Wormwood = "Death"

The text tells us that wormwood made bitter the waters from which many men died. Spiritually, Christ is living water and therefore we should expect antichrist to be "brackish" water. So is "Wormwood" the name of Death, the rider on the horses of the first four seals?

Wormwood provided an octal with a reversal of the seven cycle (switched to hold static a group in the left handed octal) The analogy to the fourth horse of the fourth seal is direct. The wormwood octal sits in the place where three associations of unity to left hand subgroups meet. The octal of the wormwood "set" is analogous to the fourth "bow" of antichrist.

Take a look at the wormwood fills from before.

a = [0,b,d,f] = [0,c,e,g]*
b = [0,c,d,g] = [0,a,e,f]
d = [0,c,e,f] = [0,a,b,g]!
c = [0,a,f,g] = [0,b,d,e]
f = [0,b,e,g] = [0,a,c,d]
g = [0,a,d,e] = [0,b,c,f]
e = [0,a,b,c] = [0,d,f,g]£

i.e.. the set {a,d,e} has "g" static as the singleton intersection in the left-handed (fire) column.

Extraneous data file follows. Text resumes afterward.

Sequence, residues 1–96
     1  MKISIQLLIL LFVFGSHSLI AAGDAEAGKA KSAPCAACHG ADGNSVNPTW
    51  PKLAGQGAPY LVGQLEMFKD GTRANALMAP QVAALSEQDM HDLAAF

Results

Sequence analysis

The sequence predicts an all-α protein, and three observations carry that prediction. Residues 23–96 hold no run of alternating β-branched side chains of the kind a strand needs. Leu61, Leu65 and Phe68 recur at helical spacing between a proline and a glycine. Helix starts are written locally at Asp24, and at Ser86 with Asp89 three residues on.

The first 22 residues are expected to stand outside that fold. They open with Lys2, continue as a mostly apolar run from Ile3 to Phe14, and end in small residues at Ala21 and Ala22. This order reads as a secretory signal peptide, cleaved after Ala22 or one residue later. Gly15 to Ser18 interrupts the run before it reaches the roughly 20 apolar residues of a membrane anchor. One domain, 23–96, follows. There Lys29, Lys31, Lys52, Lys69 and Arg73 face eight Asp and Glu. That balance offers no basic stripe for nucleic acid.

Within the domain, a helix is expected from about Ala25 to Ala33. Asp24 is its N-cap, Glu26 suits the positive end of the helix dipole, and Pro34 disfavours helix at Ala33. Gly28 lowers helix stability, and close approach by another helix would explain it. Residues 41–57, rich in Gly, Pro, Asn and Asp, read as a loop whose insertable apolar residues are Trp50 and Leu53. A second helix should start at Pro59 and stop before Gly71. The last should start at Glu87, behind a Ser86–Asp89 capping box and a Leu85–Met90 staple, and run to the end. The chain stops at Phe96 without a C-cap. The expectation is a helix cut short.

a = [0,b,d,f] = [0,c,e,g]*
b = [0,c,e,f] = [0,a,d,g]
f = [0,c,d,g] = [0,a,b,e]
c = [0,a,d,e] = [0,b,f,g]
d = [0,b,e,g] = [0,a,c,f]$
e = [0,a,f,g] = [0,b,c,d]!
g = [0,a,b,c] = [0,d,e,f]

Now the set {a,d,e} has the singleton "c" static

a = [0,c,d,g] = [0,b,e,f]!
c = [0,b,d,f] = [0,a,e,g]
d = [0,b,e,g] = [0,a,c,f]$
b = [0,a,f,g] = [0,c,d,e]
g = [0,c,e,f] = [0,a,b,d]
f = [0,a,d,e] = [0,b,c,g]
e = [0,a,b,c] = [0,d,f,g]£

Now the set {a,d,e} has "f" static

with wormwood as;

a = [0,c,d,g] = [0,b,e,f] !
b =[0,a,d,e] = [0,c,f,g]
f = [0,a,b,c] = [0,d,e,g]
g = [0,b,d,f] = [0,a,c,e]
e = [0,a,f,g] = [0,b,c,d] !
c = [0,b,e,g] = [0,a,d,f]
d = [0,c,e,f] = [0,a,b,g] !

which with {a,d,e} has the element "b" static

So, what of this? Well, we have a direct analogy to the shifting unity of the first four seals with the static group (0,a,d,e). (Shifting through b,c,f and g as unity.) By direct and similar computation we simply state that in or of every (sun) octal each possible wormwood is one of a set of 666. Likewise the wormwood spirit is the exact same construction as the "pale horse".

Now the rider of the horse is named "Death" and "Hell" follows after him. Is wormwood the rider or the horse? Perhaps the rider is satan and the horse wormwood: However we see complete opposition to Christ in the "three woes" to follow from the fifth to seventh trumpets. The fifth trumpet represents the action of the spirit of Hell and the sixth that of Death - so is the name of Hell "Abaddon"? (or "Apollyon"?) and the last three trumpets simply an elaboration on their demonic purpose?

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